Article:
Resilience

March 10, 2016

 

Escape Road Construction Petition Submitted to Diet

Keywords: Disaster Prevention / Reduction Disaster Reconstruction 

Photo:
Copyright Ocean, Future! All Rights Reserved.

Tohoku Fukko Nikki (Tohoku Reconstruction Diary) is a weekly article that appears in the Tokyo Shimbun, a daily newspaper published in the Tokyo Metropolitan Area, and delivers news and stories on the reconstruction efforts in areas devastated by the Great East Japan Earthquake in March 2011. The articles are submitted by JKSK Empowering Women Empowering Society, a certified non-profit organization, describing an initiative dubbed the "Yui-Yui Project," which supports disaster victims. Here, we present an article published on October 9, 2015, featuring citizens' efforts to raise disaster prevention awareness.

It was surprising that the recent earthquake in Chile claimed only 13 lives, two of which were killed in the subsequent tsunami, while the evacuees totaled one million. The Chile government appears to place more emphasis on evacuation of residents than on building coastal levees. In fact, they carry out drills so frequently that it is a part of daily life for all Chileans. This would explain the above figures.

In the Great East Japan Earthquake, the survivors were those who acted on life-saving skills passed down for generations, who had routinely participated in evacuation drills and who had simulated disasters to ensure they knew what to do when the time came. These cases reaffirm the notion that whatever the disaster, only you are capable of saving your own life.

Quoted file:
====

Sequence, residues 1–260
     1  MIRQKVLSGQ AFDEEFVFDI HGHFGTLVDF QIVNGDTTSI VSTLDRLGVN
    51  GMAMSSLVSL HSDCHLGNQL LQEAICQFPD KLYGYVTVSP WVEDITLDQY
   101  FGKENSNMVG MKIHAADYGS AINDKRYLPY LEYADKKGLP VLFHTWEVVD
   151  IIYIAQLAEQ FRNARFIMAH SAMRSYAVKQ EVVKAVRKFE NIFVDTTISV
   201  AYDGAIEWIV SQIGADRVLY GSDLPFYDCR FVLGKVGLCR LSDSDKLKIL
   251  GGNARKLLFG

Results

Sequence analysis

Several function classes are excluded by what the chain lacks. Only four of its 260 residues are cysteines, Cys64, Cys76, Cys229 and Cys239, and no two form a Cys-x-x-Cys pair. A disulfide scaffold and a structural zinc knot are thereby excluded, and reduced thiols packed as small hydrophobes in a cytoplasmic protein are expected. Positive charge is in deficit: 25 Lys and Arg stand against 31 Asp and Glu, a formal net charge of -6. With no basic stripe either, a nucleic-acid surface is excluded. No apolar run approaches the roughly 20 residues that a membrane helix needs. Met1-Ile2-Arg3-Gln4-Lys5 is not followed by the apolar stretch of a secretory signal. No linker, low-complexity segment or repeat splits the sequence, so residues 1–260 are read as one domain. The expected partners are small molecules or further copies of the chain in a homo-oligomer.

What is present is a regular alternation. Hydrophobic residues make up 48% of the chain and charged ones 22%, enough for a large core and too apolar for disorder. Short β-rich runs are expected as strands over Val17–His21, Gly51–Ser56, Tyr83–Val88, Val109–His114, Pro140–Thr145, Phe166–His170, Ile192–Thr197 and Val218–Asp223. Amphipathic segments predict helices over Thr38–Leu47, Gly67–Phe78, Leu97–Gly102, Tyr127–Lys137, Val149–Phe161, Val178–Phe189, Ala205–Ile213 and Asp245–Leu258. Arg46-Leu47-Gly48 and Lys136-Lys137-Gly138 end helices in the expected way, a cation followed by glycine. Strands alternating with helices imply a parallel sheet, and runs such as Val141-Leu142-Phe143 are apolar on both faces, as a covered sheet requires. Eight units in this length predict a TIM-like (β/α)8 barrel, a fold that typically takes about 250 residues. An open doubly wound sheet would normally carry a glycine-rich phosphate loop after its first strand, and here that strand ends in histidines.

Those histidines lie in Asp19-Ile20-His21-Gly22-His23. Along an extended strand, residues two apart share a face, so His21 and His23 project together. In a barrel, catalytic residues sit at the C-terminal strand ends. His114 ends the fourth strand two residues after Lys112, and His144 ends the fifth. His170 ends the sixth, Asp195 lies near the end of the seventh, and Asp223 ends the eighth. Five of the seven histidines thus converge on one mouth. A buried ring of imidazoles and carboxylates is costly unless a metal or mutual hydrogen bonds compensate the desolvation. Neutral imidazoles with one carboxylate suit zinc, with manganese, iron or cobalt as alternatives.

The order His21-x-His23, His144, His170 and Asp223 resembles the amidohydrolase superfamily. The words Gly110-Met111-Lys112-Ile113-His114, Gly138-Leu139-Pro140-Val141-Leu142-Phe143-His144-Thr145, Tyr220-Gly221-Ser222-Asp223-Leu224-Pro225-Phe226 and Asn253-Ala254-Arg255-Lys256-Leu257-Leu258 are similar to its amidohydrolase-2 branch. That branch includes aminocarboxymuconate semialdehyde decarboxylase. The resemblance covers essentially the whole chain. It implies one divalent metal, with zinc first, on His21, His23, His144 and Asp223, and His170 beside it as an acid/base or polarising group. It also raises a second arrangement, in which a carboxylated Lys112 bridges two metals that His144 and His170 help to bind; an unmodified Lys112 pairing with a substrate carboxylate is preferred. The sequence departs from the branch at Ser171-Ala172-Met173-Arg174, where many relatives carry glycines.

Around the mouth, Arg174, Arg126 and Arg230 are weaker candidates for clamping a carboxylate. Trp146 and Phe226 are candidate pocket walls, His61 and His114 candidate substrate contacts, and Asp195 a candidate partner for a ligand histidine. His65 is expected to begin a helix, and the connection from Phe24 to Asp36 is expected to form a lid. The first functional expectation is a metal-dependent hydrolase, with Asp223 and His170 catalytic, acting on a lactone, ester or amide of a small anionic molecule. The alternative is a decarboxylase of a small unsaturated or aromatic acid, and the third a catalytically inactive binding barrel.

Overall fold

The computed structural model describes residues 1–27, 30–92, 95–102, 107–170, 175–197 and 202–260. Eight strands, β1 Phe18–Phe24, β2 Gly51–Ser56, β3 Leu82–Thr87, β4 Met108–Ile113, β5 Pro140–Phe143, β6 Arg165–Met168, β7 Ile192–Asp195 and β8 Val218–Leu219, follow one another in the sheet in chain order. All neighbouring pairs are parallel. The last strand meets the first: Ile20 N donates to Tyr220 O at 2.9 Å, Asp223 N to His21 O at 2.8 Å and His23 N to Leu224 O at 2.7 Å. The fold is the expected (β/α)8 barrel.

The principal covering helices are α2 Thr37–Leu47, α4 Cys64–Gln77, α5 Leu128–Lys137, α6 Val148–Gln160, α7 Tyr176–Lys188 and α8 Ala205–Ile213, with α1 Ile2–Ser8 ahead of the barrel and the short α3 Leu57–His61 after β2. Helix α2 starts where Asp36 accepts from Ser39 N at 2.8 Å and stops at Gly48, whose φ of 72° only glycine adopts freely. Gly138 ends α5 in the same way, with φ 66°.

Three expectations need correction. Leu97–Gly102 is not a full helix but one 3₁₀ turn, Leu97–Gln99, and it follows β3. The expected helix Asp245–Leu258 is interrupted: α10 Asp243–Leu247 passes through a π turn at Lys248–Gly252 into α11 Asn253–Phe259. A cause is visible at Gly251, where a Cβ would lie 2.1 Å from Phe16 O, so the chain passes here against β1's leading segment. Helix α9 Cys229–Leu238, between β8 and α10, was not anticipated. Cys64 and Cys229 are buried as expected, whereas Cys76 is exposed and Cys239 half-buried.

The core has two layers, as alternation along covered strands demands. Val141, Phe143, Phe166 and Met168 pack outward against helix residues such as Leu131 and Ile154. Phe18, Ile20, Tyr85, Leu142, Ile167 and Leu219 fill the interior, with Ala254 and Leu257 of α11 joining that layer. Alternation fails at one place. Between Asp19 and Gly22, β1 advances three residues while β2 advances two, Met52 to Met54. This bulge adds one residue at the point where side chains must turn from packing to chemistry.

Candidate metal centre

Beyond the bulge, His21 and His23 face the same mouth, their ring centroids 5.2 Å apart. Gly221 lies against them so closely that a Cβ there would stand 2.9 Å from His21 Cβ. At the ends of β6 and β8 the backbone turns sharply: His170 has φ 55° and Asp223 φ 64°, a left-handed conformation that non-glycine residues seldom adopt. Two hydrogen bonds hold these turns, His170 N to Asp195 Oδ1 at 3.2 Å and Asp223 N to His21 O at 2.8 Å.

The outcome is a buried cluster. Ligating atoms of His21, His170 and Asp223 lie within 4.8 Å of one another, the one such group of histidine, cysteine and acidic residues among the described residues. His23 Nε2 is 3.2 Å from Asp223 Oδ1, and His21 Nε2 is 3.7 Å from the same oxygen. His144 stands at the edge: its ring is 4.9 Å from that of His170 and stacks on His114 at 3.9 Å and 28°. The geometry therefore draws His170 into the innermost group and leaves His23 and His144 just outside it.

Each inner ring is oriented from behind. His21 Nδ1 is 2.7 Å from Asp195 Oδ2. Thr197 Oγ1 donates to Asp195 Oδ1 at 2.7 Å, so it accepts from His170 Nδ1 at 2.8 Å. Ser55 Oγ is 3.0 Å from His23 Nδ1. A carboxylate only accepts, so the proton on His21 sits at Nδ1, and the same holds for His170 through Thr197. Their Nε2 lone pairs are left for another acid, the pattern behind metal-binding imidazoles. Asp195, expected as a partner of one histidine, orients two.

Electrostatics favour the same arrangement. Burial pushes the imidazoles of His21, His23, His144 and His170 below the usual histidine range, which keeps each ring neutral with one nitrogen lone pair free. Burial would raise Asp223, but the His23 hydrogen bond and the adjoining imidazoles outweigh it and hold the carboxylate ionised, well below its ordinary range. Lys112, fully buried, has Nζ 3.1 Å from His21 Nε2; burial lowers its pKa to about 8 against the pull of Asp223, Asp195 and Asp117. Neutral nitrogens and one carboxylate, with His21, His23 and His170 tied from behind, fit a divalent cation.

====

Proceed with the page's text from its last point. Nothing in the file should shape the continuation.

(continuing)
The most important thing is protecting lives against tsunami or other disasters, and the Chile government's measures focus on this. Whether you can make a split-second decision that save your life depends on how ingrained your defensive behavior is.

We have been hosting women's workshops called "Ocean, Future!", focusing on disaster prevention, and the July 12 workshop held in Kesennuma City, Miyagi Prefecture in 2014, concluded that we need escape roads, not giant coastal levees. It led to a petition campaign with support from a group working on the coastal levee issue, and collected 5100 signatures, which have been submitted to the Diet by an elected representative.

Survivors are most likely to say that escape roads are the best way to protect their family members, friends and colleagues in the event of a tsunami or other disasters.

In order to make evacuation a routine behavior, residents first need to think about their own escape routes. Next, the local administration should encourage evacuation and reconsider how evacuation orders are issued. The priority should be placed on raising citizen survival awareness, rather than on levee construction or other public work-based risk management strategies. Planning for construction of walls and levees should come later.

What we need is an evacuation measure that saves lives without fail. The petition was discussed in the Diet session on September 24, 2015 but has since been stalled. The bottom line is that we, citizens, must do our job, and the Diet must also be truly committed to do their part.

Michiko Ohta
Chief
Ishinomaki Terakoya NPO Community Center
Ocean, Future!

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